detection of the virus on tissue sample,” the researchers write.

They do not believe that she was the first person in Italy to contract the new coronavirus, however: “Probably, continuing to search, we would also find [the virus] in samples from October 2019”, Gianotti told Ansa news agency.

A separate study found traces of SARS-CoV-2 in samples of waste water in Milan and Turin from December 2019, though not from October or November.

Meanwhile more than 100 people who enrolled in a lung cancer screening trial between September 2019 and March 2020 were discovered to have antibodies in their blood, indicating that they had already been exposed to the virus without noticing symptoms. A handful of people had developed antibodies as early as the first week of September 2019, recent research found.

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Italy’s deputy health minister under fire after casting doubt on Covid vaccines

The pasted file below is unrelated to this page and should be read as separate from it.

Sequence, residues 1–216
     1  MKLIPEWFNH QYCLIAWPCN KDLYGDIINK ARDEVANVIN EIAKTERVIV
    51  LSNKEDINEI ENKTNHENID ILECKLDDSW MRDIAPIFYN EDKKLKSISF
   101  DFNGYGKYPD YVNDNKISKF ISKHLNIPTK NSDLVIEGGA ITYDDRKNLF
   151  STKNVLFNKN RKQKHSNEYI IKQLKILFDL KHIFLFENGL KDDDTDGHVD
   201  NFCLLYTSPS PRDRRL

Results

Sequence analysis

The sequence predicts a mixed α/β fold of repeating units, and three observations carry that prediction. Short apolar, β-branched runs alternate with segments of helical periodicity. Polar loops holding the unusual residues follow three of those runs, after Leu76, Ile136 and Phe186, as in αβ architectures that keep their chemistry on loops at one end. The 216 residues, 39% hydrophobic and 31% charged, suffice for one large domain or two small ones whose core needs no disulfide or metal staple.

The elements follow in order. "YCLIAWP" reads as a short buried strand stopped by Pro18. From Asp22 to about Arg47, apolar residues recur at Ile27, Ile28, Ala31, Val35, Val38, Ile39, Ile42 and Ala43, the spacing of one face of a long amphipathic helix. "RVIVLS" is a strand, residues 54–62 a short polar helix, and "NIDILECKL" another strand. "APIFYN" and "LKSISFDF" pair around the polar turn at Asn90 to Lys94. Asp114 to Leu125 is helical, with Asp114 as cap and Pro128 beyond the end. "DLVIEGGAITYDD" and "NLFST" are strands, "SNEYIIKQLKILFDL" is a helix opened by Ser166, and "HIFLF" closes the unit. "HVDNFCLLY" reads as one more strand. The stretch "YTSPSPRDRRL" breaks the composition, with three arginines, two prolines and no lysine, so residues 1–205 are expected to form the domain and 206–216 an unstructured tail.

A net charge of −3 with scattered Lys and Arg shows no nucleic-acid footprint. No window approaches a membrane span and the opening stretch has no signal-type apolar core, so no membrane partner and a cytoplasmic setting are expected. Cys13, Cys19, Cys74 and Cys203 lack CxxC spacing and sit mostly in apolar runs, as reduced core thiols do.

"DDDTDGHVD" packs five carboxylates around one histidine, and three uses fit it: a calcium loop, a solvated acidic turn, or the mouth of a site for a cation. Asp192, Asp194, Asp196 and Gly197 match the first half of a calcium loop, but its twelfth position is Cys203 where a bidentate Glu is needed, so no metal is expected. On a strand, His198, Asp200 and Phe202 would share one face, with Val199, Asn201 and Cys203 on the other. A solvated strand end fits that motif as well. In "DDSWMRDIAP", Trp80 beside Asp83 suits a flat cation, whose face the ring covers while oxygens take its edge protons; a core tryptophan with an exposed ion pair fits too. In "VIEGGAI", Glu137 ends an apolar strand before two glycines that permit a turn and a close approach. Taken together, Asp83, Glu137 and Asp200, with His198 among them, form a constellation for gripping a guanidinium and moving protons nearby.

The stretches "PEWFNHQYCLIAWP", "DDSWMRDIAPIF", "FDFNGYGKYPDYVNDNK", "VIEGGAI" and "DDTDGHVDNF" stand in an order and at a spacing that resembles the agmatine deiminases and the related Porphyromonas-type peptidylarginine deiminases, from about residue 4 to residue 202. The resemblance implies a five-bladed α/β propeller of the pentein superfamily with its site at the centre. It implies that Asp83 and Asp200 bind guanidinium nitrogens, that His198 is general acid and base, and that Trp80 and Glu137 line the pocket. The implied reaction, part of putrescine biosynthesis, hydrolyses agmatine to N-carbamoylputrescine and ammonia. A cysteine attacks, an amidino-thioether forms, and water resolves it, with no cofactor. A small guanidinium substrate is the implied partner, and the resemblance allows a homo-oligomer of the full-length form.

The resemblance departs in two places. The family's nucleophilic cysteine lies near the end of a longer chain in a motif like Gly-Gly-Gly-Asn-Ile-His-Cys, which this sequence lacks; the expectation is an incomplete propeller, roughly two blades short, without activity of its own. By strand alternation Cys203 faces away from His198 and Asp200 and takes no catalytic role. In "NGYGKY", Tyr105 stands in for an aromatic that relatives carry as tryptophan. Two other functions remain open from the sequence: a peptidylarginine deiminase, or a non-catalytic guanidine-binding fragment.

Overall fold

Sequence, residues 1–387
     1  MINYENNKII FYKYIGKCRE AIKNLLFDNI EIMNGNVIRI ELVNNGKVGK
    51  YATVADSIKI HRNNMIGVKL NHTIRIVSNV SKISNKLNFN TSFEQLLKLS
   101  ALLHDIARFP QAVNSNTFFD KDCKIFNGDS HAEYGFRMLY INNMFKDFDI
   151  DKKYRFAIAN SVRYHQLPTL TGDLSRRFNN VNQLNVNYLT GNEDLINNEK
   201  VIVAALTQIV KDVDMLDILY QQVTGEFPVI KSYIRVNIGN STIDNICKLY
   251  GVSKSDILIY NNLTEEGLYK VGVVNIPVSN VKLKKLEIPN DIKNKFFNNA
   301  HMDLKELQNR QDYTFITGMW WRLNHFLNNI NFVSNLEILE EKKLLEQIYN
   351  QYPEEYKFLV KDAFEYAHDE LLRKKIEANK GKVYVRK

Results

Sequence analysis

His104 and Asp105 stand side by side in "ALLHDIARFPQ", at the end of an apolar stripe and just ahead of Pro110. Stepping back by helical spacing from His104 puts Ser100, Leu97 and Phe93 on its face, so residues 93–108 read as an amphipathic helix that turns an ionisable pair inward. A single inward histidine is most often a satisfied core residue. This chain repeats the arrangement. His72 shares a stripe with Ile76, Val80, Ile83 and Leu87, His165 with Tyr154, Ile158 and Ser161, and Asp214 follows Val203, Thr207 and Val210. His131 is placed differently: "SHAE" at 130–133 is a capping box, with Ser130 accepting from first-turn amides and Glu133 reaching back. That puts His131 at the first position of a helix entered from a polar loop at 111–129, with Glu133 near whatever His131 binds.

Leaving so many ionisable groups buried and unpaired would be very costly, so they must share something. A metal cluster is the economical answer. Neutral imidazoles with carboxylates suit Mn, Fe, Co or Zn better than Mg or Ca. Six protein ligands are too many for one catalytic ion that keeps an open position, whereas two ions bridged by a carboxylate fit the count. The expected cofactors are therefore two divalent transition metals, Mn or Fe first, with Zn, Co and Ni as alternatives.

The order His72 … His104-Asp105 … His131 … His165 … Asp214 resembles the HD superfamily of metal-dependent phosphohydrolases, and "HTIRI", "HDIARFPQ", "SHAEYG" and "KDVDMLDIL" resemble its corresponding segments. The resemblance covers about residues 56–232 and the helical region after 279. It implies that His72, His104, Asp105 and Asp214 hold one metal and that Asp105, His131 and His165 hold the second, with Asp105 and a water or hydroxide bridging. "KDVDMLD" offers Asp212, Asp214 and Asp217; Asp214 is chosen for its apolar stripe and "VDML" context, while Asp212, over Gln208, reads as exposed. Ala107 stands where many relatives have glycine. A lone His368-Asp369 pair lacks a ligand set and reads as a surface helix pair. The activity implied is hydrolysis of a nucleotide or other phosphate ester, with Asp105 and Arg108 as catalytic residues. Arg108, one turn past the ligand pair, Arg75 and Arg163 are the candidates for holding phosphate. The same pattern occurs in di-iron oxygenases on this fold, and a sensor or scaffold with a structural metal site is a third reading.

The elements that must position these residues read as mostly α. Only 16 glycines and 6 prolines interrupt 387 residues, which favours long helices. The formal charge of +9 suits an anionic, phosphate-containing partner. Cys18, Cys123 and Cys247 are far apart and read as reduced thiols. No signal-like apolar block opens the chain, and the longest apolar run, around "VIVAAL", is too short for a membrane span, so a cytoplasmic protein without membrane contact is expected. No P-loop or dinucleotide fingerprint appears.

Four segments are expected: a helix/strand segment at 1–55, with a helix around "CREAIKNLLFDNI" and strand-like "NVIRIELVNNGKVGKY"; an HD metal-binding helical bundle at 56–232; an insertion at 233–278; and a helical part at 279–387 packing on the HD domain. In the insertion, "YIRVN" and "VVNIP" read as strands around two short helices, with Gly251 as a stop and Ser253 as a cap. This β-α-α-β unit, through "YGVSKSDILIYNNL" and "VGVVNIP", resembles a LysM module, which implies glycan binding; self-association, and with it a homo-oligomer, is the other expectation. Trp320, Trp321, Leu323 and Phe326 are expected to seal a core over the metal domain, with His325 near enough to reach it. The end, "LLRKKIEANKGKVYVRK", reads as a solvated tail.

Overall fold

Opposition leaders called for health undersecretary Marcello Gemmato to resign on Tuesday after the official said he was not "for or against" vaccines.

Italy's deputy health minister under fire after casting doubt on Covid vaccines

Gemmato, a pharmacist and member of Prime Minister Giorgia Meloni’s far-right Brothers of Italy party, made the remark during an appearance on the political talkshow ReStart on Rai 2 on Monday evening.

READ ALSO: Covid vaccines halved Italy’s death toll, study finds

In a widely-shared clip, the official criticises the previous government’s approach to the Covid pandemic, claiming that for a large part of the crisis Italy had the highest death rate and third highest ‘lethality’ rate (the proportion of Covid patients who died of the disease).

When journalist Aldo Cazzullo interjects to ask whether the toll would have been higher without vaccines, Gemmato responds: “that’s what you say,” and claimed: “We do not have the reverse burden of proof.”

The undersecretary goes on to say that he won’t “fall into the trap of taking a side for or against vaccines”.

After Gemmato’s comments, the president of Italy’s National Federation of Medical Guilds, Filippo Anelli, stressed that official figures showed the Italian vaccination campaign had already prevented some 150,000 deaths, slashing the country’s potential death toll by almost half.